IEEE SmartGridComms ConferenceIEEE

Monday September 5, 14:10 – 15:50 pm

P1: What is relevant research for 5G Advanced ?

Organizer & Chair: Dr. Olav Queseth (METIS-II/Ericsson, Stockholm, Sweden)

  • Dr. Magnus Frodigh (Ericsson, Stockholm, Sweden)
  • Dr. Maziar Nekovee (mmMAGIC/Samsung R&D, Staines, Surrey, UK)
  • Dr. Christian Mannweiler (Nokia Bell Labs, Munich, Germany)
  • Sébastien Hémard (Magneti Marelli, China)
More information about the participants, here.

Motivation and Background:

At the time of PIMRC the standardisation of 5G has been running for some time and the first deployments are only one and a half year into the future. What is clear though is that this first wave will be followed by a number of innovations and improvements. At this time it is important to start thinking about initiating research on topics that will be important in the future but at the moment may have taken a back seat to the standardisation efforts.

The panel will provide the view of a number of industry and academic leaders on the topics that will shape the development of 5G advanced and make a guess at important emerging fields.

  1. What research areas do you see to be important in 3-5 years?
  2. What services will be important that we cannot imagine today?
  3. When would you expect the first 5G system to be fully deployed?
  4. What would be the most important feature for the first 5G system to be considered 5G?
  5. What do you expect will not be standardised in the first wave of standards?

Monday September 5, 16:20 – 18:00 pm

P2: mmWave – The Path to 5G Enhanced Mobile Broadband

Organizer & Chair: James Kimery, Director of Marketing – SDR / Wireless Research (National Instruments, Texas, USA)

  • Prof. Fredrik Tufvesson (Lund Univ., Lund, Sweden)
  • Prof. Mark Beach (Bristol Univ., Bristol, UK)
  • Dr. Laurent Dussopt (Research Director, CEA-LETI, Lyon, Francia)
  • Jyri Putkonen (Lead Researcher, Nokia, Espoo, Finland)
  • Alternate: Prof. Nuria González Prelcic (Vigo Univ., Vigo, Spain)
More information about the participants, here.

Motivation and Background:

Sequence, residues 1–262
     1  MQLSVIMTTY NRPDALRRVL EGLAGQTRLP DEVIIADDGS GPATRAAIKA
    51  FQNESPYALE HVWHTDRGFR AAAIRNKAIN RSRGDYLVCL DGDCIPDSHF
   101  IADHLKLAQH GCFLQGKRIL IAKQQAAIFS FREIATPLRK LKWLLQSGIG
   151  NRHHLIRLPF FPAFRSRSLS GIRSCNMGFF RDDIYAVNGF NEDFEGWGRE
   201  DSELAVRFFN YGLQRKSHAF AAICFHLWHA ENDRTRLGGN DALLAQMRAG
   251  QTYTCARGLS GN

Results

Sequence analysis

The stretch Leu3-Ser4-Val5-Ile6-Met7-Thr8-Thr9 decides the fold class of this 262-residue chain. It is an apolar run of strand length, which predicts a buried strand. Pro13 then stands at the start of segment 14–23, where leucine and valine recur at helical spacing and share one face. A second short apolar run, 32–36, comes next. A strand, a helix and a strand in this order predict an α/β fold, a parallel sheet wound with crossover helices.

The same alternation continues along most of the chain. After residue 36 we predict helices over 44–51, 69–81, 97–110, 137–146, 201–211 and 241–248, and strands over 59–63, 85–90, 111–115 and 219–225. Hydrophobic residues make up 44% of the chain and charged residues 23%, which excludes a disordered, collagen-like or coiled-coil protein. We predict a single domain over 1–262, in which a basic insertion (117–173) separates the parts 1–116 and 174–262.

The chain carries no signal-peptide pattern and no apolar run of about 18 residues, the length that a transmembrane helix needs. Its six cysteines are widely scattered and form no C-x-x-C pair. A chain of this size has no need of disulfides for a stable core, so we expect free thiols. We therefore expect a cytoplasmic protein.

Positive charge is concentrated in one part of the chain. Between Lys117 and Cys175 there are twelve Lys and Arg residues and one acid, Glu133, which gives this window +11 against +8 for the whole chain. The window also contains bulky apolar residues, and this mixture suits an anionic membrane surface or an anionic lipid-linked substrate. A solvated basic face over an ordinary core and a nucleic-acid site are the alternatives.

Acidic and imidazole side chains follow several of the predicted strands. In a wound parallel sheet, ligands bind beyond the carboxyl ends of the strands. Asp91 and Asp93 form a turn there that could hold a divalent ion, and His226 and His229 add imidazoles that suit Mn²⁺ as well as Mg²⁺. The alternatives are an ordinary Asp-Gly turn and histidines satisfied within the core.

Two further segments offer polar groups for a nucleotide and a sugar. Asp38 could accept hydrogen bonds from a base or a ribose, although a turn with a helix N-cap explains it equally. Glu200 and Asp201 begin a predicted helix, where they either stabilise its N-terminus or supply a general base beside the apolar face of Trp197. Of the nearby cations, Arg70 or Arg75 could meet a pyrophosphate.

The world’s standardization bodies are moving to define the next generation of wireless access including the 3GPP. Enhanced Mobile Broadband with a goal of peak data rates exceeding 10 Gbit/s has been proposed as one goal but other objectives touch on latency, supporting billions of new types of devices, enhanced communication at the cell edge, and improved spectral efficiency. Many researchers are investigating cmWave and mmWave technologies as possible options for addressing these goals. However, research as these frequencies has really just begun and many questions remain including the use, deployment strategy, viability and potential integration with existing 4G structure. This panel will discuss cmWave and mmWave technologies for addressing the goals and objectives for next generation wireless and access to support a broad range of new applications.

  1. Are mmWave and cmWave frequencies possible for next generation wireless access?
  2. If so, what applications are better for communication in these frequencies?
  3. What frequencies could be possible for cmWave and mmWave frequencies for next generation wireless access?
  4. How can cmWave and mmWave be used in a mobile access network?
  5. What are the challenges for cmWave and mmWave for wide adoption?

Tuesday September 6, 11:10 – 12:50 pm

P3: Wireless Communications for the Internet of Things

Organizer & Chair: John Thompson (Univ. of Edinburgh, Edinburgh, UK)

  • Prof Angeliki Alexiou (Digital Systems Department, Univ. of Piraeus, Piraeus, Greece)
  • Dr Jesus Alonso-Zarate (CTTC, Barcelona, Spain)
  • Henrik Lund Staermose (Neogrid Technologies ApS, Northern Region, Denmark)
  • Prof Mahesh Sooriyabandara (Associate Managing Director of Toshiba TRL, Bristol, UK)
More information about the participants, here.

Motivation and Background: